Education

Children Play Basketball, Riverside Park, Albany, 1912


Historical Context
The first playground in New York was established in the late 1800s.  More playgrounds were built at the beginning of the 1900s to meet the needs of people who lived in cities.  It was believed that city residents, specifically the working class, needed recreational activities on a daily basis.  People thought that recreation and playgrounds were especially important to the health, fitness, and character development of children.  Parks built during this time period included recreational buildings, play fields, outdoor equipment, and sand lots.  Many of the playgrounds even had directors to organize and supervise playground activities such as organized games and sports for children.  Organized activities often separated the boys and the girls.  By 1920, cities in the United States had spent more than $100 million on playgrounds and playground programs.



One of the most influential promoters of recreation in the late 1800s and early 1900s was Luther H. Gulick.  Gulick was the first director of physical education in the New York City public schools, and he was instrumental in founding several organizations that promoted healthy living, physical education, and recreation, such as the American School Hygiene Association, the Public School Physical Education Society, the Playground and Recreation Society of America, and the Boy Scouts.  In 1911, he and his wife founded the Campfire Girls, because they thought girls should be involved in recreational activities, too.  



In 1891, while working as director of the gymnasium department at Springfield College in Massachusetts, Gulick gave a student, James Naismith, an assignment to invent a game.  The game Naismith invented for Gulick was basketball.  Basketball became very popular in urban areas.  Other sports that also became popular at this time were baseball, handball, volleyball, track, and swimming.

 
Essential Question
How does the existence of leisure time influence culture and economy?
Check for Understanding
Describe the scene in the photograph and explain how leisure time changed the American culture and economy.
[click to enlarge]
Children Playing Basket Ball, Albany, New York, New York State Archives, NYSA_A3045-78_Dn_AkX5
Document Description
Boys play basketball at Riverside Park in Albany, New York, 1912.
Questions
  1. How can you tell that this photograph was taken a long time ago?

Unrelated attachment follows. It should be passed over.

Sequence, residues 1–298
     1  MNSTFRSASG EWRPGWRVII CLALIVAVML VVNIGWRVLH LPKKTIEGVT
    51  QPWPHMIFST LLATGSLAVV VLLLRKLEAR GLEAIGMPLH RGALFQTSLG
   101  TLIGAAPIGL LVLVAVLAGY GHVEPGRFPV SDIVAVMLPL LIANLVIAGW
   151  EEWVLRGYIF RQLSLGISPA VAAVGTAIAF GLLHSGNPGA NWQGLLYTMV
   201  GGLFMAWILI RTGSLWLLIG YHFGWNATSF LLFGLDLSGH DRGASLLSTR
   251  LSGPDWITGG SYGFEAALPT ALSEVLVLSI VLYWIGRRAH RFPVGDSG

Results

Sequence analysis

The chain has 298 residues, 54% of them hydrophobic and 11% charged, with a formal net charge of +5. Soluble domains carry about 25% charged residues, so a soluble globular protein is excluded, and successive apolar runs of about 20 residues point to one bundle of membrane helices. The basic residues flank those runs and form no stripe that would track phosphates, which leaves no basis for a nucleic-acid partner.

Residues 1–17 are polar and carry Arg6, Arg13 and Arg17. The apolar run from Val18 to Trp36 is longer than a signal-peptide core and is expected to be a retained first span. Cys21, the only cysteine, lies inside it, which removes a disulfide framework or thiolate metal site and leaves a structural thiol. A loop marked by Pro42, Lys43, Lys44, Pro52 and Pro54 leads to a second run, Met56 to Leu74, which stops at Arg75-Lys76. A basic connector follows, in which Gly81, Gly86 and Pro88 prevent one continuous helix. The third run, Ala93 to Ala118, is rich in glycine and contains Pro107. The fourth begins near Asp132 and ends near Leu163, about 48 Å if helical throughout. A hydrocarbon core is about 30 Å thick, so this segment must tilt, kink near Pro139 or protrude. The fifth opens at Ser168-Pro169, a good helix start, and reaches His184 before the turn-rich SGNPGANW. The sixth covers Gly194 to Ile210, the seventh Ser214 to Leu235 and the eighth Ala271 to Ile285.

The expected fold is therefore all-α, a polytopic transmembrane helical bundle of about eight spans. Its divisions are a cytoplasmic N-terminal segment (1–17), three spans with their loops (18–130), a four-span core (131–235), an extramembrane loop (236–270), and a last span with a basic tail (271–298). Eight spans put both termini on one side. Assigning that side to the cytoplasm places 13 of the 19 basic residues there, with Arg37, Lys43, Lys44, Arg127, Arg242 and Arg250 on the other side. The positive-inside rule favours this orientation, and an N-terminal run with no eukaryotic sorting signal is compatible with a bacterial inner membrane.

2. What parts of a playground can you see in this photograph? 
  3. How is the playground in this photograph like playgrounds today?
  4. In what way have playgrounds changed since this photograph was taken?
  5. Is the basketball game in the photograph being played the same way it is played today?  Explain.
  6. What is unusual about the children's choice of dress for the playground?
Historical Challenge
Research how playgrounds helped in developing community.

How are playgrounds funded?

Research the number of elementary schools that do not offer recess to their students.
Interdisciplinary Connections
English Language Arts: Write a postcard to a friend describing your day at the park.
Physical Education: Design a new piece of equipment for today’s playground.
Resources
  1. DK Publishing. Children's History of the 20th Century. DK Publishing, Inc., August 1999. ISBN: 0789447223
  2. Jennings, Peter, Jennifer Armstrong, Todd Brewster, and Katherine Bourbeau. The Century for Young People. Bantam Doubleday Dell Books for Young Readers, September 1999. ISBN: 0385327080
  3. McGovern, Ann. If You Lived 100 Years Ago. Scholastic, Inc., August 1999. ISBN: 0590960016
  4. http://www.outdoorfunstore.com/playground-history.asp
  5. http://www.historymatters.appstate.edu/documents/immigranthealth.pdf
  6. http://www.nyu.edu/pubs/anamesa/archive/fall_2003_culture/07_butler.htm
  7. http://www.infed.org/playwork/organized_recreation_and_playwork_1890-1930s.htm
  8. http://www.infed.org/thinkers/gulick.htm
  9. http://www.kansasheritage.org/people/naismith.html
  10. http://www.naismithmuseum.com/naismith_drjamesnaismith/main_drjamesnaismith.htm